I remember that day in January 2018 well. The news trumpeted headlines about a seventeen year old girl who’d escaped her parents’ home in Perris, California and used a deactivated cell phone to call 911. Jordan Turpin, one of thirteen siblings between 30 and 2 years old, didn’t even know the alphabet and was covered in months of filth. She and another sister, aged 13, had planned, for two years, to escape the hell of their parents’ house. The sister got scared and ran home again, but Jordan was determined. She called 911 and, within minutes, the authorities were there at her house with their blue lights flashing. Jordan’s mother, Louise Turpin, ordered one of her eldest daughters to unchain the two younger siblings who had been restrained for months to their beds. There was no time to unchain their elder brother, a grown man in his 20s, who had spent months chained up in his parents’ filthy house.
I was fascinated and horrified by the Turpin family, but details about them were kind of scant. I saw the pictures of David Turpin, a tall man with a ridiculous hairstyle, who had a well paid job at Northrup Grumman. I saw his wife, a woman just four years older than me, with long, dark, salt and pepper hair and a malevolent affect. These were the parents who had starved, beaten, chained, and terrorized their children… even the ones who were well over the age of adulthood. Eldest daughter, Jennifer Turpin, tried to escape once, but had no prospects. She had no skills, no identification, and a third grade education, even though her father had graduated with honors from Virginia Tech with a degree in electrical engineering. She could go nowhere and do nothing, so she called her mother, who came and got her. I’m sure she paid dearly for her escape attempt.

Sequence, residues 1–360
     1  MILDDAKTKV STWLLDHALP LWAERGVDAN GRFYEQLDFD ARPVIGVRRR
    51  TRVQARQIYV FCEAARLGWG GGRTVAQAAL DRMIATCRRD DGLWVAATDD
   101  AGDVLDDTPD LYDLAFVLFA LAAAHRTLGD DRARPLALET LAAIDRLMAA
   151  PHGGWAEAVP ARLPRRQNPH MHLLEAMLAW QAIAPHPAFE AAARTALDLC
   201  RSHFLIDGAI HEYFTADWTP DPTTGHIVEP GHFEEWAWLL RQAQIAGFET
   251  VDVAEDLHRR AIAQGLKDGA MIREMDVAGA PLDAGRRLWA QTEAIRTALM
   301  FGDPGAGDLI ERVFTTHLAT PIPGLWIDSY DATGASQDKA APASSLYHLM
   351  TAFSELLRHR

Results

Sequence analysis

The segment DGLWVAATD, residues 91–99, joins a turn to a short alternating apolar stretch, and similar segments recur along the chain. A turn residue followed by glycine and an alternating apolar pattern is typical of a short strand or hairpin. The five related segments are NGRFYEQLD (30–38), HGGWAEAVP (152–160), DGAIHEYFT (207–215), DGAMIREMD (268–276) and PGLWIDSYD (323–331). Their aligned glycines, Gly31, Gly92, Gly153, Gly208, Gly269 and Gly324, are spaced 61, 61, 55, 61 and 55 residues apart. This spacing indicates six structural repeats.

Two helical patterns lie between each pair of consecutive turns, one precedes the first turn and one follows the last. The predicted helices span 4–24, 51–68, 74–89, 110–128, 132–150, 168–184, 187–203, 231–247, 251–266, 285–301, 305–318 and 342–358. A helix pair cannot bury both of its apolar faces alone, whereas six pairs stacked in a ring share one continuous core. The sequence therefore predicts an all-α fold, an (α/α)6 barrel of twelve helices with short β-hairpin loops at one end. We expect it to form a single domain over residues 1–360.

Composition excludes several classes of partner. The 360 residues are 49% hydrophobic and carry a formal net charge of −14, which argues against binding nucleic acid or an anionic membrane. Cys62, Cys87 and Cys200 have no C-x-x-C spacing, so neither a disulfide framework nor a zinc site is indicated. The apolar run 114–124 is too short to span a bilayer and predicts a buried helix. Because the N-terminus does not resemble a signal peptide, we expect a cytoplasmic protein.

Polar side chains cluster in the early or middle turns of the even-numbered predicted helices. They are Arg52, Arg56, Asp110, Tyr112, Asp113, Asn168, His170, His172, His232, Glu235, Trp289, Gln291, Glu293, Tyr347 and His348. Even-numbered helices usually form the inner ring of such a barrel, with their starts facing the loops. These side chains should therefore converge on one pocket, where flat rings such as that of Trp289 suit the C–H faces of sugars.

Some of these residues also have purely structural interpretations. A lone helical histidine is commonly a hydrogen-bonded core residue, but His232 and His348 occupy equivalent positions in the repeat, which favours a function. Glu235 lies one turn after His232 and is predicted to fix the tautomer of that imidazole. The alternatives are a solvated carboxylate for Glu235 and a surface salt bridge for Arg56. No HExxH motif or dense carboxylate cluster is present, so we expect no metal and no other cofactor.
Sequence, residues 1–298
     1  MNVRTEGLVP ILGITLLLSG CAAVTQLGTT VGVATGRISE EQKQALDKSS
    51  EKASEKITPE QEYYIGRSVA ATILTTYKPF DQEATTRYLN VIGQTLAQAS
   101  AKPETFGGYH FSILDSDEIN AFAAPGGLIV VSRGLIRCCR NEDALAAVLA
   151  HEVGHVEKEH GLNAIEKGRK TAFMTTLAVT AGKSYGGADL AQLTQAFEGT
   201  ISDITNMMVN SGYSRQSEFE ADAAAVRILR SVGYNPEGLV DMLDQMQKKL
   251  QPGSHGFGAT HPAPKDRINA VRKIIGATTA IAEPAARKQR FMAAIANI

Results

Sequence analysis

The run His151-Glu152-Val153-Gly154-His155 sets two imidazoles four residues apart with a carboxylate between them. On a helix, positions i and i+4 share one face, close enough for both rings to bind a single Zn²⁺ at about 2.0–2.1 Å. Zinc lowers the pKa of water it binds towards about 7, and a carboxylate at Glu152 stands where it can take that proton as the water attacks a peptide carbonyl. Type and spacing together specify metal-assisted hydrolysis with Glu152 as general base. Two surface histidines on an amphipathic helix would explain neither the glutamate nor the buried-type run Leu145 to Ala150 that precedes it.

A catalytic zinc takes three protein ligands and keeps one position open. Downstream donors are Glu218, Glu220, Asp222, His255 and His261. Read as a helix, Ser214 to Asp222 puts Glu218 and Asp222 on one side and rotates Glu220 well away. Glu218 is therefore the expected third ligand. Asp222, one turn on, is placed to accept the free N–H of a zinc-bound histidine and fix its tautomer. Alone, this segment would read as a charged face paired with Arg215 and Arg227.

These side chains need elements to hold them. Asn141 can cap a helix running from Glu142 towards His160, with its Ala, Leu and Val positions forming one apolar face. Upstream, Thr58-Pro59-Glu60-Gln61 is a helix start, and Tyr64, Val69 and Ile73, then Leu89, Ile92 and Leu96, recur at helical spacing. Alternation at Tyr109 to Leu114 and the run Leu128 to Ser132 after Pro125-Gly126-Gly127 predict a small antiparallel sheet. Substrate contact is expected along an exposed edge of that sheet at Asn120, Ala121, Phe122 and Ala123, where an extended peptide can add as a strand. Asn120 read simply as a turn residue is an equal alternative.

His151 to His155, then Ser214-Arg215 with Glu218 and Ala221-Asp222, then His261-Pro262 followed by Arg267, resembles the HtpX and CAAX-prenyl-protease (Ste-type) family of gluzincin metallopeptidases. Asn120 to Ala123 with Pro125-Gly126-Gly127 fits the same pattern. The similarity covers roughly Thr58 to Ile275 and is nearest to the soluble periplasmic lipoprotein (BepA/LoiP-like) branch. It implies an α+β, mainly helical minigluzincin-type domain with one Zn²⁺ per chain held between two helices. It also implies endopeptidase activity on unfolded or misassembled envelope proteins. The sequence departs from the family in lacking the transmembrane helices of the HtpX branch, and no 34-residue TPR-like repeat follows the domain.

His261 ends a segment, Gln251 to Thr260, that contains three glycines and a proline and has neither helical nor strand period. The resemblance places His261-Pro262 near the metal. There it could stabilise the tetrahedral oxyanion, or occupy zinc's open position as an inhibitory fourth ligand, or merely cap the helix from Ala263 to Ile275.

John Glatt, a well-known true crime author, has written about the Turpin family in his new book, The Family Next Door: The Heartbreaking Imprisonment of the 13 Turpin Siblings and Their Extraordinary Rescue. I’m a fan of true crime books, so I’ve read a few of his over the years. I can’t say he’s my favorite true crime author, but he gets the job done. He’s done a competent job of writing about the horrors the Turpin children endured at the hands of their parents. The book is easy to read and fairly comprehensive, although a lot of what I read, I could have, and actually did, read online. He’s done a pretty good of compiling the information, though, and included some information I didn’t know, such as the history behind David Turpin and Louise Robinette, as they were known in Princeton, West Virginia, before they got married when she was sixteen and he was twenty-three.